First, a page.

Opinion Split on AMD Drugs

Ranibizumab, bevacizumab favored in 2006 PAT survey results.

AMD Drugs
Opinion Split on AMD Drugs

Ranibizumab, bevacizumab favored in 2006 PAT survey results.

Results of the American Society of Retina Specialists (ASRS) 2006 Practices and Trends (PAT) survey of its members indicate that there is not yet a consensus as to the most effective treatment for wet age-related macular degeneration (AMD), though off-label bevacizumab (Avastin, Genentech) and recently approved ranibizumab (Lucentis, Genentech) are the clear leaders over other therapies.

The lack of a head-to-head study comparing the relative safety and efficacy of ranibizumab and bevacizumab surely accounts for the lack of consensus. However, the recent announcement by the National Institutes of Health that it will fund a large-scale, 2-year, head-to-head study of the two Genentech drugs was welcomed by the retina community.

Though the PAT survey was conducted prior to the June 30 FDA approval of ranibizumab, survey results show that, were the drug available at the time of the survey, it would rival bevacizumab and far outrank other interventions in the treatment of AMD.

For instance, in the case of AMD with classic-type lesions, the respondents polled, given a multiple choice of treatments, chose equally (34% each) bevacizumab and ranibizumab. Photodynamic therapy (PDT) with a vascular endothelial growth factor (VEGF) blocking drug (13.5%) and PDT with steroids (11%) followed third and fourth, respectively.

When the same question was asked with the only difference being occult-type membranes rather than classic-type lesions, respondents overwhelmingly (84%) chose bevacizumab and ranibizumab, but again in the same percentage (42% each). Other therapies only received single percentages.

With the FDA's approval of ranibizumab, it is clear that it will be frequently used by retinal physicians for the treatment of AMD, both with classic-type and occult-type lesions. This is even more clear when it is considered that 95% respondents to last year's PAT Survey were treating AMD with either PDT alone or PDT with steroid.

An interesting finding in this year's PAT Survey is how respondents answered the question of how they would want themselves treated for juxtafoveal lesions. In these cases, physicians were far more conservative. While ranibizumab (36%) and bevacizumab (16%) still accounted for a slim majority of the responses, PDT with an anti-VEGF (28.5%) outranked bevacizumab alone, and 11% chose old-style standard laser therapy.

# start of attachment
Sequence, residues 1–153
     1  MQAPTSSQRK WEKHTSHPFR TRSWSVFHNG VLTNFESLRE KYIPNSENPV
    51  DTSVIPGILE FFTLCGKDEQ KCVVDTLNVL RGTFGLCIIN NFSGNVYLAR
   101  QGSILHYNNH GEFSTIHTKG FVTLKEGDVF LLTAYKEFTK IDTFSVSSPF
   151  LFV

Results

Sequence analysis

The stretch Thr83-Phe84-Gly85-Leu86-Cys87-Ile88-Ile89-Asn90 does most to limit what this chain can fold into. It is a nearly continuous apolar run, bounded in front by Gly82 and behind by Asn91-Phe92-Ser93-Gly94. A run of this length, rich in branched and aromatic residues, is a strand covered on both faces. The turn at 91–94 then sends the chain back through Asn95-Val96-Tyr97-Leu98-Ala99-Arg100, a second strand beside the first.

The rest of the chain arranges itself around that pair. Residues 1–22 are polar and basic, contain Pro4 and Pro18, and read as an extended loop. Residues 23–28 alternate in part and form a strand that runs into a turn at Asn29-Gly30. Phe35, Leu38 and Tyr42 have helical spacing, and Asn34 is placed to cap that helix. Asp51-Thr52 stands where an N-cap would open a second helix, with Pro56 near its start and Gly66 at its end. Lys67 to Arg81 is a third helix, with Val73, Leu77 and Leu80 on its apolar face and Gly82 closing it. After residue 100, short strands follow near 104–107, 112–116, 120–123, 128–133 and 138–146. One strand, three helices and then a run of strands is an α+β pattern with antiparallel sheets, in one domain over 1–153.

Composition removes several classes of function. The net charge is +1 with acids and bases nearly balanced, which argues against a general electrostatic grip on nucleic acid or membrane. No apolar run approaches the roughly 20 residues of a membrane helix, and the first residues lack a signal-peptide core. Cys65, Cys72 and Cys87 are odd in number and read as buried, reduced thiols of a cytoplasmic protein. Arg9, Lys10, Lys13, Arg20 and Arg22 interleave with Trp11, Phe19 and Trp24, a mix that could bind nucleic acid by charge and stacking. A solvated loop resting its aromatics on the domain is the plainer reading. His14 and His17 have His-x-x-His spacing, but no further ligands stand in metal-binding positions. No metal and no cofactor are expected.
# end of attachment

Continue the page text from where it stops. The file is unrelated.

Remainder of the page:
This year's results were reported in September at the 24th Annual ASRS Meeting and the 6th Annual European VitreoRetinal Society (EVRS) Meeting in Cannes, France.

The PAT Survey, as its title suggests, measures the professional habits, treatment regimens, and other information about retinal specialists. After a short section to gather basic demographic information (location, practice information, etc.), the survey moves into questions about how the responding physician treats conditions such as AMD, retinal vascular occlusion (RVO), and diabetic retinopathy. The survey also asks which procedures retinal physicians are using to treat these disorders and reports in what numbers these interventions are being used. Necessarily the questions of the survey are dictated to some extent by developments in the field of retinal disease.

The testing environment itself has also changed over the past 7 years, with Internet administration of the survey replacing more structured administrations previously done exclusively on paper. This has allowed the respondents the ability to answer more at their leisure. As the rate of response for the PAT Survey had already grown significantly between 1999 and 2004, one can only assume that Internet administration of the survey had increased the response numbers even more.

The PAT survey "has taken on a life of its own since it began in 1999," said Robert A. Mittra, MD, editor of the survey for ASRS, during a conversation with Retinal Physician. The survey has been "fueled by the retinal community's interest of the latest preferences and trends among their peers," Dr. Mittra said. Noting the survey's impact on the retinal community, Dr. Mittra stated, "It is quoted frequently in scientific lectures and publications and is used to help support legislative efforts such as the successful American Academy of Ophthalmology (AAO) effort to convince Centers for Medicare & Medicaid Services (CMS) to reimburse Avastin."


Other interesting responses to the survey were on the subject of central RVO. For the management of4-month-old RVO with cystoid macular edema (CME), half (50%) of the respondents chose intravitreal steroid as the treatment they would use. Coming in second was treatment with bevacizumab at 38%. Ranibizumab was not offered as a choice here, though "Other" was a choice offered to respondents, and ranibizumab users could have answered thus.

When asked how they would treat 4-month-old branch RVO with CME, the number of respondents who chose bevacizumab dropped to 14%, behind standard grid laser (38%), laser therapy plus intravitreal steroid (29%), and intravitreal steroid alone (16%). These responses on RVO would seem to indicate that a trend toward use of anti-angiogenic drugs similar to that in treatment of AMD has not yet emerged.


Of course, these results are merely the tip of the iceberg, and Dr. Mittra reminds Retinal Physician that "there were many more interesting results revealed in the survey that can be viewed on the ASRS Web site (see editor's note)." Dr. Mittra concluded, "The continued success and value of this survey depends on all in the retinal community taking a few minutes to respond to the survey each year."

Editor's note: The results of the ASRS 2006 PAT Survey are available to ASRS members at